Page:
Isaiah Garnett first noticed a sign for Emmanuel College when his family moved from Fredericksburg, Va. to Atlanta when he was 18. Although he didn’t think much of it at the time, Emmanuel College and the community would go on to make a huge impact on his life, and vice versa.
“Everything about Emmanuel was new to me,” he said. “I had never been to a more rural area.”
15 years later, Isaiah is preparing to graduate in May from Emmanuel with an English Education degree.
His journey to graduation is unlike most, as he took a 10-year hiatus before returning to the halls of the college.
Now, his sights are set on finding his own classroom, where he hopes to make an impact, one student at a time.
“I think that serving in education allows you to empower others,” he said. “It allows you to give the same opportunity or option to utilize the educational system as a means of ascension economically and socially.”
When Isaiah first decided on becoming a teacher, movies like “Stand and Deliver,” “Freedom Writers,” and “To Sir with Love,” were his reference to what teaching would look like.
“I fell into that mindset,” he said. “I quickly realized the real thing is nothing like the movies.”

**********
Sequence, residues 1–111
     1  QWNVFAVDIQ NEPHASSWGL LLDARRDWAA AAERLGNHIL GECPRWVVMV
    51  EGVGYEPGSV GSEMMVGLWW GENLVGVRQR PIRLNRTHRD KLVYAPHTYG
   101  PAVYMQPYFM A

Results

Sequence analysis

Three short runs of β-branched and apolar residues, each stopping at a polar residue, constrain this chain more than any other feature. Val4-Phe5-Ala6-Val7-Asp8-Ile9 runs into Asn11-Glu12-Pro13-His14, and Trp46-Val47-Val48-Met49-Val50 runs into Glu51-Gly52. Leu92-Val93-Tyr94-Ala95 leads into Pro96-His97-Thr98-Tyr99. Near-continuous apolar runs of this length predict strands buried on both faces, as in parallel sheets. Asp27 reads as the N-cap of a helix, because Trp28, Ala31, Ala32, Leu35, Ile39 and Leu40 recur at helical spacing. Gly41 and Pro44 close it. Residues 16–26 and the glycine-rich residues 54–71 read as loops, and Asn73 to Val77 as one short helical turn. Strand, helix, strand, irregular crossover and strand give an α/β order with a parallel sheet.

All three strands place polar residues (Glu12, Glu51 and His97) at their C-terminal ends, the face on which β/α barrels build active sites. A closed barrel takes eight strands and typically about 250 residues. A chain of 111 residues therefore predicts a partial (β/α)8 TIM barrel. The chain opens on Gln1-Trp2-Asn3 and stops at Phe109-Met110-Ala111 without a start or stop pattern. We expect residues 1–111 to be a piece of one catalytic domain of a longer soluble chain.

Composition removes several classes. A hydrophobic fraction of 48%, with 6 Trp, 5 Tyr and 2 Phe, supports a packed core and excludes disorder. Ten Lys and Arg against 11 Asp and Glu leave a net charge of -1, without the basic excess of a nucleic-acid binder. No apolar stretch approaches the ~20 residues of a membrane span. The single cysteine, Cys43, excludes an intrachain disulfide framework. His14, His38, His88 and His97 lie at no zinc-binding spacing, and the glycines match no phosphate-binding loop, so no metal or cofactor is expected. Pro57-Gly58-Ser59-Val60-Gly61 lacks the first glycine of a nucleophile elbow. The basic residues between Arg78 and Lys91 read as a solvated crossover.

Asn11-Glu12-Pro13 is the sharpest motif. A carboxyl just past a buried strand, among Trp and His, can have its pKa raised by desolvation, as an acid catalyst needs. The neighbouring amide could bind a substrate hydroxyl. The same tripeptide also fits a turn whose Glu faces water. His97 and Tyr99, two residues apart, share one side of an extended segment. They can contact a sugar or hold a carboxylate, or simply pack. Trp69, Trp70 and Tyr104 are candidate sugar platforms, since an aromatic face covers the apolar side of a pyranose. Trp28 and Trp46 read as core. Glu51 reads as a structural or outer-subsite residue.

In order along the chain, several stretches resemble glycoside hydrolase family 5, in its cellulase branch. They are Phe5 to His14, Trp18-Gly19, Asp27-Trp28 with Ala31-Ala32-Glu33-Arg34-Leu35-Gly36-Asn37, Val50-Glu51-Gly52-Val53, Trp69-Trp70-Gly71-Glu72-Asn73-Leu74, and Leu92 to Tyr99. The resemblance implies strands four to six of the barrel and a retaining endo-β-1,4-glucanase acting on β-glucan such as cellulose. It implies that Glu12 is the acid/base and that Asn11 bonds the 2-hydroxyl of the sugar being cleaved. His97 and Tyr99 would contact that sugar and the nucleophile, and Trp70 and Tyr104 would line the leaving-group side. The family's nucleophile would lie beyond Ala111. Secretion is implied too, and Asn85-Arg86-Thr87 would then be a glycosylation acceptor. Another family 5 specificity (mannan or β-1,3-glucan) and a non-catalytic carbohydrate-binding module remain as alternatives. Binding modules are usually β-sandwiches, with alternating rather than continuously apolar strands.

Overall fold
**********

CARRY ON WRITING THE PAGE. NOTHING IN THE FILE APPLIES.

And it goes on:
At Emmanuel, Isaiah found a community and believes the small class sizes have not only helped him retain information but better connect with his classmates and professors.
“I believe that students who feel a part of a community as opposed to being a number in a lecture hall stand a better chance of retaining the information they’re taught,” he said. “Not because of the content, but because of the connection and accessibility of the instructors. The connection lends itself to students wanting to be more invested in the curriculum because you can see that the teachers care about their students.”
Alongside teaching, Isaiah hopes to continue to capitalize on the gift God has given him in writing.
“I feel like I write well,” he said. “I think that writing is a great medium for empathy and if there is anything that we all need in these days and times it’s understanding.”
The father of four is thankful to have friends and mentors who have poured into his life, but as a student at Emmanuel, his boss and academic advisor have made the greatest impact on him.
“Ms. Denise Woodall and Dr. Sarah Petrovic have been the greatest supporters and encouragers during my time at Emmanuel,” he said. “I’ve worked very closely with them both my entire time at Emmanuel, and I wouldn’t have made it this far without them.”
Outside of the classroom, Isaiah has been involved both on campus and in the local community.
“One of the biggest things I do is go to parks and recreation games for my kids,” he said. “If there’s ever an opportunity to volunteer at some of the amazing local organizations, I try to do so. On campus, I’ve had the privilege of working with the Black Student Union, Student Senate, Commuter Council, and various other initiatives.
As he moves on to the next chapter, what advice would Isaiah give to other non-traditional students looking to complete their degrees?
“Take it a day at a time,” he said. “Look at it as an investment and always trust God.”